We worked really closely. She is obsessed with lighting and I’m obsessed with framing. So, we have almost completely separate interests and when it comes to shooting it works out really really well.
I know very little about lighting and would certainly be completely fucked if she wasn’t around. She doesn’t care where I put the camera and we work pretty well. I can take no credit for how beautifully she lit all those scenes.
How did you discover Elle and her talents? She’s got to speak Polish, deliver a convincing British accent and at the same time sing.
The script was originally almost entirely in Polish. We’d been looking exclusively at Polish actors, but as you said it was impossible to find someone who could speak two languages fluently and sing and dance and play the age range and be able to carry every inch of the frame like this playing a nuanced character. It’s too many things to ask of somebody. We felt fucked. There was a point where we thought we wouldn’t be able to make the movie and Elle reached out to us about it and it didn’t make sense. I was her biggest fan and yet, I didn’t understand how an American was going to play this part. Talking to her, it was instant. It was so clear that she was this person. She understood Violet on such a deep level so the fact that she could sing and dance and was comfortable doing that British dialect, all of that was great and super useful. It ultimately was her proximity to this person that was the most validating and the most confident for me.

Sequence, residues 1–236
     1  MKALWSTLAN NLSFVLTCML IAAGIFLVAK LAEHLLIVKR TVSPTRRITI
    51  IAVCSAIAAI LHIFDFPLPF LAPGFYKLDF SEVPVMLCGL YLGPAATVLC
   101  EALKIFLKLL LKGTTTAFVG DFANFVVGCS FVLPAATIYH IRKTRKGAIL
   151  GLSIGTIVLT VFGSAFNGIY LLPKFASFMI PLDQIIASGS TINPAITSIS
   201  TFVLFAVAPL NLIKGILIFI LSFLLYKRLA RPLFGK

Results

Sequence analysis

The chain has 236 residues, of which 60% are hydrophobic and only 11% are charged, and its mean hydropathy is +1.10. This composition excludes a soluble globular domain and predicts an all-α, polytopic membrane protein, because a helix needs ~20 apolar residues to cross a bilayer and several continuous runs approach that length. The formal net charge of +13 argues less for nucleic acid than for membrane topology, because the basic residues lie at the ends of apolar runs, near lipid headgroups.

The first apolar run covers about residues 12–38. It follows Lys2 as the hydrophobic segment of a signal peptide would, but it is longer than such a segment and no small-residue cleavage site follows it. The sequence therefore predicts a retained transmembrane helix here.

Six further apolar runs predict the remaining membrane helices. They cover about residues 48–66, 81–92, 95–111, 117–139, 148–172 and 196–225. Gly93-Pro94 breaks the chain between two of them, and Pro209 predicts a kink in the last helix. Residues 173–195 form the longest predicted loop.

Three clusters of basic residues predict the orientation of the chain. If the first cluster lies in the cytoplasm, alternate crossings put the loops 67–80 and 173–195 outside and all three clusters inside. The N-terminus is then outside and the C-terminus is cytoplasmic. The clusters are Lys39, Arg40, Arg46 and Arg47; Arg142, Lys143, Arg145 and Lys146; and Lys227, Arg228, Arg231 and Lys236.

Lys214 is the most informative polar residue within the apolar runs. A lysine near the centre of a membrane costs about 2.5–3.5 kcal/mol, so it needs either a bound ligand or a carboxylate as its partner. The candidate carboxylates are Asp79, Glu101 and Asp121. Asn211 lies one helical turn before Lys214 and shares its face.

Vlad is a great character. As a viewer, you think he’s going to be dark but he’s not and he turns out to have this great dynamic with Violet almost as a father-type figure.
The part was written for him. The first two ideas were Dancing on My Own and Zlatko Burić. I just think he’s extraordinary and unique. I felt confident that if we could build the story around him then the story would be interesting.
This is your directorial dream and you spent a long time getting behind the camera and seeing it come to fruition. What has that been like for you?